When It Happens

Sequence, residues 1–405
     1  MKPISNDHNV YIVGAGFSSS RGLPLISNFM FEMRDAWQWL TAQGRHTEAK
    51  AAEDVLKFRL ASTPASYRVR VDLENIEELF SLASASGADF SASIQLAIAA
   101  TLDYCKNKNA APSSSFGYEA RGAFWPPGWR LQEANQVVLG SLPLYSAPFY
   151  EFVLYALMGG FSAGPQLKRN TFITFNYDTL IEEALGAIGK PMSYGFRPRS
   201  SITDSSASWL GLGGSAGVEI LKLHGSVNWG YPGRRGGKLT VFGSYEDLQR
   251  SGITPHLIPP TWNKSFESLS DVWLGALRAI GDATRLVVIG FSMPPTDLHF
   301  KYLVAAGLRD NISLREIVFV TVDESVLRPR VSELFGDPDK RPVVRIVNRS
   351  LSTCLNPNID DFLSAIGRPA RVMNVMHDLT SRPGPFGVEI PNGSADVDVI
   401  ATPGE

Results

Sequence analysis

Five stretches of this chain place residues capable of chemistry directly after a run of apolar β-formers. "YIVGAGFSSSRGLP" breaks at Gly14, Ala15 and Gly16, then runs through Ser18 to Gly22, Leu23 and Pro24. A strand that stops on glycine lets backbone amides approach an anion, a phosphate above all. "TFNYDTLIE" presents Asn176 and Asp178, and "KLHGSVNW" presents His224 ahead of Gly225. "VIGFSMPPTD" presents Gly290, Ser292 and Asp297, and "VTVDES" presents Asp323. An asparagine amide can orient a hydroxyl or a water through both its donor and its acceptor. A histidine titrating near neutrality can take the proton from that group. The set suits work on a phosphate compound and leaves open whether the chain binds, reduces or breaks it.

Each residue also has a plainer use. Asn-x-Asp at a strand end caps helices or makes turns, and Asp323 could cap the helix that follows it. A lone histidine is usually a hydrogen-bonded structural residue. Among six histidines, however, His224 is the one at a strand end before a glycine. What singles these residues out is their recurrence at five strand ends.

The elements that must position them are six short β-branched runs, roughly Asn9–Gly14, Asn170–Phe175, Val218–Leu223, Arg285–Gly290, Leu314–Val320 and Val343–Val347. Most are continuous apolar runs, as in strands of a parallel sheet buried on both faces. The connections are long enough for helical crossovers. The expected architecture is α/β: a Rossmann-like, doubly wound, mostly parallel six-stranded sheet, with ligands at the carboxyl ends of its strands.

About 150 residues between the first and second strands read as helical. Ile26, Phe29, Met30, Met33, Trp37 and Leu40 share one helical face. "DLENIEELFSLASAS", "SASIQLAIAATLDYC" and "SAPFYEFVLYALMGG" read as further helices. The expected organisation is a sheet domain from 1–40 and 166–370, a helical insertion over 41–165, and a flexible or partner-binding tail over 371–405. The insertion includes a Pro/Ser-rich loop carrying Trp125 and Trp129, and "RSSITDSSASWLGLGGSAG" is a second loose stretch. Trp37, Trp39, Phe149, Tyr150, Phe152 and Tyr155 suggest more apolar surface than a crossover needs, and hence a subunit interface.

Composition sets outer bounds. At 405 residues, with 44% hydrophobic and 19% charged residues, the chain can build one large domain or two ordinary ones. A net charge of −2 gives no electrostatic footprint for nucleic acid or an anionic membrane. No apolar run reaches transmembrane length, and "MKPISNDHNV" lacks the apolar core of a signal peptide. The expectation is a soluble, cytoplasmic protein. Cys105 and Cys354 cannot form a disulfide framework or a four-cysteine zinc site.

When It Happens - Susane Colasanti "When It Happens" tells the story of the unfolding relationship between Sarah and Tobey, switching between their perspectives in each chapter while chronicling their successes and fall outs in their relationships. Sarah is a girl who suddenly catches the eye of the guy she's been crushing over for a long time - Dave, a football player and a part of the popular crowd. Tobey is the guy in the background who has secretly crushed on Sarah for a long time and wants to finally "make his move," only to figure out that Sarah's beginning a relationship with Dave. It's a push/pull novel that's probably a little too easily resolved in places (and relies a bit too much on pop culture to move it along, but I think I'm used to those references in Colasanti's novels), but manages to be sweet and charming in places. I wasn't a big fan of Tobey in the beginning because of his obsession with sex, but as the novel went on, the story developed him out to be more than just a guy who wanted to get the girl. And Sarah's an ambitious girl who wants things in the universe to work in her favor, and somehow it all comes together - just in a way that she doesn't suspect.Unfortunately, there's really not that much depth to any character in this novel, and if you've read stories like this before, you probably know what's going to happen before the very end of the book. Also, there's some backtracking since, as a reader, you're observing similar events through the eyes of the alternating characters, which might come across as repetitive in spurts, but I appreciated the fresh eyes in each scene. It was an engaging read for the journey, kept my attention, but I have read better books that manage to make it a bit more realistic, fun, and the "tug at your heartstrings" romance that pulls a reader along. I understood the references clearly, but it does have a bit of too many (teen slang, pop culture references, and obvious references to "Say Anything") that bog it down. I think this being my (technically) fifth Colasanti novel, I've become used to certain parts of her writing that stand out and I can accept this as her style, though it always leaves me to think it could be better than what it is if the references were fewer and more subtle. And I realize this is her first novel, and it does a bit better handling the multiple perspectives than, say, "Take Me There."I would recommend giving it a try if you're looking for something light, fluffy, and simple story of a boy and a girl whose worlds happen to collide.Overall score: 2.5/5